Steel used expressively to create large spans and soften form



Architect Foster + Partners
Structural engineer Arup
Steelwork contractor William Hare Ltd
Main contractor Skanska UK PLC
Client Minerva Ltd

“We’ve exploited the real advantage of using steel in this building” says Foster’s senior partner Grant Brooker of The Walbrook, a 10-storey office and retail development opposite London’s Cannon Street. “It couldn’t have been concrete - the spans are too great and the slab too slim.”

According to Brooker, as well as creating the large spans, the steel was used expressively to help soften the building’s form, revealing the column casings and grid externally, and creating the rippling street facade as well as the curved mansard as the building steps back in height at upper levels.

In this way, the architects broke down the potential bulk of the building in response to its sensitive site close to Wren’s St Stephen Walbrook church and Mansion House.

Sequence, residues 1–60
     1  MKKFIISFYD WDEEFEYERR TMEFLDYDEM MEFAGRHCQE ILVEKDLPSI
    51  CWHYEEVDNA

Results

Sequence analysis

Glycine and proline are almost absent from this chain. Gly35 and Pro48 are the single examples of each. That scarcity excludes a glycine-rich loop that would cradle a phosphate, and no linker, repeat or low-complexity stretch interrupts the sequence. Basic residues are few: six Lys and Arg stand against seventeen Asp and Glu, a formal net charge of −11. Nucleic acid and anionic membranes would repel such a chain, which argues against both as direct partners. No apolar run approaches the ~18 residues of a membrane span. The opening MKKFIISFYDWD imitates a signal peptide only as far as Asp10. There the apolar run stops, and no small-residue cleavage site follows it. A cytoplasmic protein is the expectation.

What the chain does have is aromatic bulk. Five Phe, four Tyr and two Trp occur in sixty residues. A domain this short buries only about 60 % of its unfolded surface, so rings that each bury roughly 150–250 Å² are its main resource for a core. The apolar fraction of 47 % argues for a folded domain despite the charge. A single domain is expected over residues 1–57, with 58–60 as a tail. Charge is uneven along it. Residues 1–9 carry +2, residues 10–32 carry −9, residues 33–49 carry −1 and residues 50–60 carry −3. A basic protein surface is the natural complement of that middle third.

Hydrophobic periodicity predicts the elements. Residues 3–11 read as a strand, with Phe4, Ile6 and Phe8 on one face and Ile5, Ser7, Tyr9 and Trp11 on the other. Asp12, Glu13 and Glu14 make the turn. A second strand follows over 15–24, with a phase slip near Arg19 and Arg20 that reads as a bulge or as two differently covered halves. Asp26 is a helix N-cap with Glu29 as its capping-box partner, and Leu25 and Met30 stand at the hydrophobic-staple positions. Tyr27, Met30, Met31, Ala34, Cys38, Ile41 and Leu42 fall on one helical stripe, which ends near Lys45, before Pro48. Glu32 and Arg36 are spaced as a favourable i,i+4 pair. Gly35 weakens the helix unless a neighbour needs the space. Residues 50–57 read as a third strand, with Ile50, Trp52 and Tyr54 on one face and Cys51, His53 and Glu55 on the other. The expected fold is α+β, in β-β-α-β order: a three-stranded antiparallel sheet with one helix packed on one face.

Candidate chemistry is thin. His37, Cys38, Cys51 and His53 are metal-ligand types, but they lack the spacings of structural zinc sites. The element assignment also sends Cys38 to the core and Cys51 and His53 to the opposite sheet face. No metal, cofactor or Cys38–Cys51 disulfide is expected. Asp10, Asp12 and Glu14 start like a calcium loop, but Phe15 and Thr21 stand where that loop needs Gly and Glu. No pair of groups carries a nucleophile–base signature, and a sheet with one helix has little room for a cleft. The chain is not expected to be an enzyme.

“We like the idea of reading the structure very, very clearly,” he says. “Internally, you can see the sweeping curves and how the line of structural columns is adjusting to the geometry … The upper floors really recede quite dramatically.”

The Walbrook Building by Foster + Partners

Source: Nigel Young/ Foster + Partners

The steel structure is clearly legible in the dramatic atrium space

Typical floor plates have just 10 internal columns within a 9m grid, with clear spans of 21m.

The structure consists of structural steel columns and beams with composite floor slabs on metal decking. Cellular beams are used for the services distribution.

Two atriums from third to ninth floor levels bring daylight into the building, while externally the building is shaded by a fibre-reinforced polymer system, with louvres increasing in density on the upper floors, where more solar shading is required.

The judges praised the Breeam “excellent” building for “further developing steelwork’s capabilities for offices.”

Judge Bill Taylor said: “It’s an interesting project, and we were quietly impressed by the use of structural steel and how the building had been constructed using steel to save a great deal of time.”

The Walbrook was constructed using 6,313 tonnes of structural steelwork.